Business school to require undergraduates to add minor in another college

Media Credit: Hatchet File Photo by Tatiana Cirisano | Hatchet Photographer

Associate professor of marketing Vanessa Perry teaches a business course on consumer behavior. Students getting their bachelor in business administration will need to minor outside the field next year.

The GW School of Business will require most undergraduates to minor outside of the college starting next year, part of a revised curriculum faculty hope will give students more flexibility in their course schedules.

The new curriculum, to launch for freshmen getting their bachelor of business administration degrees next fall, looks to arm students with the kind of non-business skills employers are looking for, Associate Dean for Undergraduate Programs Isabelle Bajeux-Besnainou said.

“The intent is really to make sure that students have an in-depth experience outside of the business school, and that is something that is coming from the market,” she said. “Recruiters actually want students to be a little more than only business-skilled students.”

The school is the first at GW to require from undergraduates a minor outside the college. Last fall, it also added the first undergraduate program – a bachelor of science in finance – to require students to double major outside the school.

Students will earn nine fewer credits in both general education courses and the school’s curriculum, giving students more time to add a second minor or concentration, which a quarter of students already have Bajeux-Besnainou said.

All students will take classes in globalization, career management and business law and ethics, in addition to the First-Year Development Program currently required of all freshmen.

The school also created a new writing in the discipline course about markets and politics that will be required of all sophomores.

Business schools across the country have come under more pressure to prepare graduates for a more competitive job market, especially as more universities offer different ways to earn business degrees.

Other universities, including the College of William and Mary and the University of Southern California, have also eased undergraduate business requirements in recent years to allows students to minor in other fields.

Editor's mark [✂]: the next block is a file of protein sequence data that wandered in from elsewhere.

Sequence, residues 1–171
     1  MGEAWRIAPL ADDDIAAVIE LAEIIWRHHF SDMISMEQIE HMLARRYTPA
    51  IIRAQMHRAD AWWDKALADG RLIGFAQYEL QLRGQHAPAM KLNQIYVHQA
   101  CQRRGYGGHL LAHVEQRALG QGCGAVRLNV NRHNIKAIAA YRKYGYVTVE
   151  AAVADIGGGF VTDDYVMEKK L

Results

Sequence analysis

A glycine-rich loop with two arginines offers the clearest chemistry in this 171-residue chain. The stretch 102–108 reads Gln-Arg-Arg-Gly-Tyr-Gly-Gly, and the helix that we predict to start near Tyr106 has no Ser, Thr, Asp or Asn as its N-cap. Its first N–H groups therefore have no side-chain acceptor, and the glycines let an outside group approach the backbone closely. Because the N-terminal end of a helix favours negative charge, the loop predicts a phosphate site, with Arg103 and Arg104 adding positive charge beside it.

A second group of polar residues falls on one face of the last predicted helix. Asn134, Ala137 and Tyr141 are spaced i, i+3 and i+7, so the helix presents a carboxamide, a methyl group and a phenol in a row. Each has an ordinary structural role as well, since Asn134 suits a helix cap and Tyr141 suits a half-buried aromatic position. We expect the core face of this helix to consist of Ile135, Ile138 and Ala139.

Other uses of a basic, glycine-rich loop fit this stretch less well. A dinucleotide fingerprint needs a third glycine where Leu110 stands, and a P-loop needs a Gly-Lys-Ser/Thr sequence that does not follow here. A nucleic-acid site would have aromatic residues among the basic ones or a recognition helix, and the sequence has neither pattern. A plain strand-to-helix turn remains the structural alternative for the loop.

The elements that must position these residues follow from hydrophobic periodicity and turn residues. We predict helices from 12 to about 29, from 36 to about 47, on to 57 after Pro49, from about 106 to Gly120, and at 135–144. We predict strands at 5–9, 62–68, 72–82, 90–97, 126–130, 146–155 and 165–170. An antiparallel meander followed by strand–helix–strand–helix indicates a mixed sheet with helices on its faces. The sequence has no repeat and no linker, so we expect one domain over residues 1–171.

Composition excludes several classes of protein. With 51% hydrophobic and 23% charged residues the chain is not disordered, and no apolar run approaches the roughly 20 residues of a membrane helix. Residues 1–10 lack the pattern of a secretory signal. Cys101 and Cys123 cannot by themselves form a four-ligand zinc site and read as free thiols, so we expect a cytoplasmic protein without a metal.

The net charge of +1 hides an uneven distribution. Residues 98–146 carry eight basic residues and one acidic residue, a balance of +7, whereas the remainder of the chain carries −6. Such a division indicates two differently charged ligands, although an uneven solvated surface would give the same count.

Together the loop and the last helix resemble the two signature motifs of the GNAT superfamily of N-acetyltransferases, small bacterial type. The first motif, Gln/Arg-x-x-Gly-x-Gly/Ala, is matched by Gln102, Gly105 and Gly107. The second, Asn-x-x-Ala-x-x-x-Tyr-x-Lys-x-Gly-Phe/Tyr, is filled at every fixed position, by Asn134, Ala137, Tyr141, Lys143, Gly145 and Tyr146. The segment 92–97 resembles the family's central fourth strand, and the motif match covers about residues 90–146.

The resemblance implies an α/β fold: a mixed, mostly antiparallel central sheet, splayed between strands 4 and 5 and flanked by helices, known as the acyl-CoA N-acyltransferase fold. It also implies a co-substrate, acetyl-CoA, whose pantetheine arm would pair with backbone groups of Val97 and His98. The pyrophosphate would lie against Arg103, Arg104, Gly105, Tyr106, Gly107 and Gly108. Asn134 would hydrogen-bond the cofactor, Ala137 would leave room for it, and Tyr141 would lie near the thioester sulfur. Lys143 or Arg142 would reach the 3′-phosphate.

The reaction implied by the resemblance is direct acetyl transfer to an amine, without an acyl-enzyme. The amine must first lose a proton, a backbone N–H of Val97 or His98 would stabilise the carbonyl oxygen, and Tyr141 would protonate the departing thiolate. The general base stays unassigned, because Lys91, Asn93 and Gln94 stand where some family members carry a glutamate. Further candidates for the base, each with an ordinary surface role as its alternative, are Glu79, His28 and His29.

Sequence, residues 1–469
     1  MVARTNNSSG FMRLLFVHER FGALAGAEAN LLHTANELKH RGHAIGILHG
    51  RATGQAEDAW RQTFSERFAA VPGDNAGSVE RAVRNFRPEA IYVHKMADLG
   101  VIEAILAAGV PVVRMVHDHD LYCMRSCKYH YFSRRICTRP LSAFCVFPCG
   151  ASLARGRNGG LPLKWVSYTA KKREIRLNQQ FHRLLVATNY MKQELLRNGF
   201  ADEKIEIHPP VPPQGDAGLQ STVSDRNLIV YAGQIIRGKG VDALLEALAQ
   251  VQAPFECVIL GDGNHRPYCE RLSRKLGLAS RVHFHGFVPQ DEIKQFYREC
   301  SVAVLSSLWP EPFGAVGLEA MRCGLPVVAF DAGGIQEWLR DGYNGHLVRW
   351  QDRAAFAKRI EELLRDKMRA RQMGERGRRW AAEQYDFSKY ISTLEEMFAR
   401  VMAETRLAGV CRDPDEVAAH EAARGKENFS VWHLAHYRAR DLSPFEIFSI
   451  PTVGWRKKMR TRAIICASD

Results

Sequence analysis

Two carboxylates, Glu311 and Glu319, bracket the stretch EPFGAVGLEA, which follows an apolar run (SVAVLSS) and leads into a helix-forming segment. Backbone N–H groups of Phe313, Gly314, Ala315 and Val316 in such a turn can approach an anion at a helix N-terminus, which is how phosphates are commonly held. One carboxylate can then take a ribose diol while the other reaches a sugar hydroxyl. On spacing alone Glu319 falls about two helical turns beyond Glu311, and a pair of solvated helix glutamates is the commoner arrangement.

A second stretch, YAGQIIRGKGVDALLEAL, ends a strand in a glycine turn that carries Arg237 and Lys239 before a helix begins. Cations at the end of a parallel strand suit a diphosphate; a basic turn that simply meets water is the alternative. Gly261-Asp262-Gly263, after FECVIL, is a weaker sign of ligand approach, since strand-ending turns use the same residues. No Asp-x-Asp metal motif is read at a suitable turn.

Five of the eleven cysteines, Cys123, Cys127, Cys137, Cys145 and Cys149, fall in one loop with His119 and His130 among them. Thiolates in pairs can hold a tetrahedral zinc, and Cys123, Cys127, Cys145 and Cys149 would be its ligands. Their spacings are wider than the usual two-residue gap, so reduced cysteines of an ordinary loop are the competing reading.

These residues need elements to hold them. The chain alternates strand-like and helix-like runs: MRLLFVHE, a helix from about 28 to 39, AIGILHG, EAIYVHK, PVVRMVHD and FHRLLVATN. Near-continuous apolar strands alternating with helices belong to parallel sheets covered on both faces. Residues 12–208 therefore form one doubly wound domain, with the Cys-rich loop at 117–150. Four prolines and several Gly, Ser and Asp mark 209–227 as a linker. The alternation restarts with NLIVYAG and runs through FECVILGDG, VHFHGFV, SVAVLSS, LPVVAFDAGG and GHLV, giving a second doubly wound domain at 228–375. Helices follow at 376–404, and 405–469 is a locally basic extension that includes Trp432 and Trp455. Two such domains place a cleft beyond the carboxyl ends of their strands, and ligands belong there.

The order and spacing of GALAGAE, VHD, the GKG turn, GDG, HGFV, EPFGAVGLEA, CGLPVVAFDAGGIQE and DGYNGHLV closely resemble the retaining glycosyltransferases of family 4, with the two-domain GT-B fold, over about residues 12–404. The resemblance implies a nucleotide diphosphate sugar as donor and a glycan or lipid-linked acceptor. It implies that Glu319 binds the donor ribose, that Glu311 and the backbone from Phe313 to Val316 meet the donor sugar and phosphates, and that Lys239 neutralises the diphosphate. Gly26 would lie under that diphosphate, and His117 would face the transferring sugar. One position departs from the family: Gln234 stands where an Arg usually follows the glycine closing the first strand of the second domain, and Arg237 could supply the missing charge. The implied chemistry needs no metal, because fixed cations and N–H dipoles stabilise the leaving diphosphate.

Media Credit: Margaret Rajic | Hatchet Photographer
The business school’s advising office in Duques Hall, where students will need to work out room for a minor outside the college.

GW’s undergraduate business program is No. 71 in the country, according to Bloomberg Businessweek’s annual rankings. Low student satisfaction, No. 99 in the country, has led to slipping rankings in recent years.

Four out of five employers wanted to hire college graduates with a broad liberal arts education, not a narrow business concentration, according to a survey conducted by the Association of American Colleges and Universities last year.

Faculty approved the curriculum for business administration students last month.

Robert Weiner, a professor of international business, said students will benefit from taking classes in more subjects.

“It will be beneficial because business is a part of broader society. Hopefully students will have a broader perspective,” he said.

During the first year at the University, students will have to choose between the business administration program or the bachelor of science degree, which is currently only offered to finance majors.

Sophomore Yasik Loban said he thinks the new curriculum will be “beneficial” for freshmen, giving them more time to declare the focus of study.

“I was going to transfer out of GW because I wanted to double major in the Engineering School and the Business School,” he said.

Still, freshman Megan Gills said students need more direction and guidance, and having so many options might be overwhelming for students.

“No one has really gone over the degrees much while we’ve been here. A lot of it is figuring things out on your own, in my opinion. I wish there was more guidance for freshmen,” she said.

-Mary Ellen McIntire contributed to this report.

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